Landlords • About Furnished Rentals
Micro-BIC, Be Careful!
This article is not valid anymore : please refer to "Micro-BIC or réel ?"
Fiscal rules have been modified in 2009.
The French finance law has decreased the annual rent limit, under which the « micro-BIC » regime (the Industrial and Commercial Profits regime) applies, from €76,300 to €32,000.
That very same law has also reduced the fixed abatement from a previous 71% to a 50% today. Which is as much as to say that your taxes are being increased.
You must have understood that if in 2009 your rental income overcomes the fatidic threshold of €32,000, you are no longer eligible to the « micro-BIC » regime. You are then taxed under the « au réel » regime (« real » regime).
However, for those already under the « micro-BIC » regime in 2008, the administration has introduced a transitional period which allows them to extend the regime for two more years : the fiscal instruction 4F-3-09 states that taxpayers with incomes (from furnished rentals) in 2008 ranged from €27,000 to €76,300 remain under the « micro-BIC » regime whatever amount of income is received in 2009 (first year of crossing upward) and in 2010 (second year of crossing upward), as long as they are not subject to VAT (which is generally the case for owners of old apartments).
In that case, they can then declare in their income tax return the amount of their gross income in the "micro-BIC de location meublée" box (which stands for "micro-BIC regime for furnished rentals").
Under the « au réel » regime, you will have to declare actual expenses and income from your rental management so to establish the balance sheet of the rented property
Actual expenses are, for example, service charges which are not recoverable in tenant's rent, management fees, De Circourt Associates' administration costs (but also gas and electricity invoices, Internet costs, or even sometimes the local tax; this applies whenever these service charges are included in the rent. The reason is that they increase rental income even though there are not rents). As a general rule it concerns any expense not considered as an investment by French tax authorities. As investments lead to depreciation not deduction.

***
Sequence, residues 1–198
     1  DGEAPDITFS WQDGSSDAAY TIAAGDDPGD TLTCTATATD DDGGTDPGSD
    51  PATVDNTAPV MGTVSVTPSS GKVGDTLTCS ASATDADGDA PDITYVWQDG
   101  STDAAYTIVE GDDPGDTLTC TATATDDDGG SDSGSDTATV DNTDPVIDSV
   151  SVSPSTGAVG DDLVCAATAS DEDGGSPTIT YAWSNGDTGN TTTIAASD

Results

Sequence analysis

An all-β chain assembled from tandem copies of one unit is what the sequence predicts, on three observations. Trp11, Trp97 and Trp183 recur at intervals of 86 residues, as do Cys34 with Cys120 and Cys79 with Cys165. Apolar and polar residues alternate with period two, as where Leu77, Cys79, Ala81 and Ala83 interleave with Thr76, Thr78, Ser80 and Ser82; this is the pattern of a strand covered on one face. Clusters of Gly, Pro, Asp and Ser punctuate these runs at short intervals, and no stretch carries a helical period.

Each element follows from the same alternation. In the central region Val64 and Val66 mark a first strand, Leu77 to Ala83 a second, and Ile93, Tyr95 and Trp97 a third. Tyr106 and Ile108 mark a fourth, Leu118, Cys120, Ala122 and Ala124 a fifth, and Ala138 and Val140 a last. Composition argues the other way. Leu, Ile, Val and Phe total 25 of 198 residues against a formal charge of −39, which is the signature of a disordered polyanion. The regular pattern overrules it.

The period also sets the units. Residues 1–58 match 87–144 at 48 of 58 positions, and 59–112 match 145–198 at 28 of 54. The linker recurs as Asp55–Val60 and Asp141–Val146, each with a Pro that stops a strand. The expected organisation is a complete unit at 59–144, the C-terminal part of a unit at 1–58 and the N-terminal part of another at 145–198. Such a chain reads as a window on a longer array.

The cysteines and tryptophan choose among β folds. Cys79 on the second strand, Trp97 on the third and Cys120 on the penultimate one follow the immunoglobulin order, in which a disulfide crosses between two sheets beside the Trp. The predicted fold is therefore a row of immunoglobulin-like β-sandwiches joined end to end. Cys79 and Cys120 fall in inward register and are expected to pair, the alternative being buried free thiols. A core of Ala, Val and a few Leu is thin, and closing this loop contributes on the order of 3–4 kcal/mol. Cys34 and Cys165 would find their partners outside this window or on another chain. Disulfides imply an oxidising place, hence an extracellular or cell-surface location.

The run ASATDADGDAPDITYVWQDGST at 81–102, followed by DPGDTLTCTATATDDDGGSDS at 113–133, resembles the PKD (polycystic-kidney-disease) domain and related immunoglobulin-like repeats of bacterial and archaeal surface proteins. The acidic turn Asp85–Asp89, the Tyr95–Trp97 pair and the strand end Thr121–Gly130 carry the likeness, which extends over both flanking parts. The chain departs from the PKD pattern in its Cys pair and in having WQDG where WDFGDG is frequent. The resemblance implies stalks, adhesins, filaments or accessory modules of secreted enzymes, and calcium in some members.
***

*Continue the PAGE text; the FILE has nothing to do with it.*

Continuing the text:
By deducting actual expenses from rental income, you obtain the amount to be declared in the appropriate field of the tax return. For the 2008 income tax return, it has to be specified in the NO box of the supplementary declaration 2042CK concerning non-professional lessors of furnished property (« loueurs en meublé non professionnels »).
Attention: it is imperative to keep actual accounting records up to date for a period of three years plus current year in case you have to deal with a tax inspection.
Under the « au réel » regime, a deduction can be written up as a real estate property expense. Thus, reducing proportionnally the reported taxable earnings (or increasing the loss in case of deficit). The depreciation compensates the physical deterioration of your property due to use and time passing. As this expense strictly concerns accounting records, you have no disbursement to make. And yet it reduces the taxable net income.
How to calculate the depreciation?
Depreciation depends on building type (old construction, general condition, new construction, house or apartment, and its estimated life span), knowing that it can not be applied to the land upon which it is built.
For instance, the life span of a Haussman style building can be estimated to hundred years;
tax administration allows a depreciation over eighty years. On the contrary, a new building of average quality can be depreciated over forty years, which subsequently increases the annual depreciation amount.
One last point: the taxable net income that you will report under the « au réel » regime will be increased by 25% when calculating the tax; i.e. if you declare €100 in income, you are taxed on the basis of €125. Unfair taxation lives on as tax avoidance opportunities are prohibited!
NB : The « micro-BIC » regime was not affected by this aberration and still isn't.
Patrick Azan, Property Tax Expert for Lessors, and Claire de Circourt
Published on November 20th, 2009